One thing to note though, if you are compensating people with products, you do need to make a note that that you are compensating them.
Andrew Foxwell: Sure.
Austin Brawner: So you should say, "Hey, we got a great review from them so we sent them free product. This is what they said." Other, one little hack to that as well is make sure that you get that video from them and then put transcripts on that video.
Andrew Foxwell: Nice.
Austin Brawner: Because initially, it's going to be all those... like Judge starts it off silent. So if you put the transcript it's going to look a lot better. Just like Facebook.
Andrew Foxwell: Sure. Makes sense. And you can also use them in your Facebook ads, right?
Austin Brawner: You can use it in your Facebook again, so decide if you're going to have it vertical or horizontal.
Andrew Foxwell: Yeah.
Austin Brawner: Vertical for Facebook, horizontal for other places.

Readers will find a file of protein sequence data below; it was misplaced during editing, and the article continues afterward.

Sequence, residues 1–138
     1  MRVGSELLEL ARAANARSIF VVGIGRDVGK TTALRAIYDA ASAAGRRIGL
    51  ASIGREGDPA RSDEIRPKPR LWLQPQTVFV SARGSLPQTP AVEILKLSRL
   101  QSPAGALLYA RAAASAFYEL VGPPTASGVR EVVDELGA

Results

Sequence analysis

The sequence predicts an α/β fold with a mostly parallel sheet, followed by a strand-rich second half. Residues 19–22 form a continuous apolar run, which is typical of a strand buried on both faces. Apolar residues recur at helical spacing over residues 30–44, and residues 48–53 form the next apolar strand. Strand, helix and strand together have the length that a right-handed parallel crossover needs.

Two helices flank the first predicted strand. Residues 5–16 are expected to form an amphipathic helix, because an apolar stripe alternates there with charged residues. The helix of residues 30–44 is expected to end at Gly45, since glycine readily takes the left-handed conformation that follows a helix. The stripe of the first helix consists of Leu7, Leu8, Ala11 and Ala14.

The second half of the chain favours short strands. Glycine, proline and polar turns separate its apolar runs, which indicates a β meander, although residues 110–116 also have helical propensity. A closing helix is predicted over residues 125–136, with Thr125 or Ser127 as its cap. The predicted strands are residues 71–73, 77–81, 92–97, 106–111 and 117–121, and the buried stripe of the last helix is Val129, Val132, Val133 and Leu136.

Andrew Foxwell: Yeah. Love that. Man, that's a good, that's an awesome idea and a good way to incentivize people that way to do it.
My third one is obviously there's so much auction competition we keep hearing about in Facebook and Instagram ad auction and it's rising every day and one thing that we've seen is that ads sometimes actually aren't showing. They're just not showing or they're not spending their budgets, which is unfortunately a little bit too common right now.
So one thing that we have been seeing success with, I would say three or four months ago, we saw more success with what was called a 'cost cap' bid type. That's a bid type that allows you to put in a bid around your range of your CPA and it'll find conversions in that range, versus now we're seeing really good success with, throwing back to 2015 with bid caps.
What a bid cap is is you actually set a dollar amount that's around or a little bit greater than your CPA to get it to show your ads. You can do this one of two ways. You can, say, if your CPA is $100. That's your goal, you set a bid cap at something like $130 and then you see how that goes in terms of distribution. If it's going decently well and the conversions look good at a good cost, then you're fine. And all that's doing is winning the auction and then you're relying on your site to convert.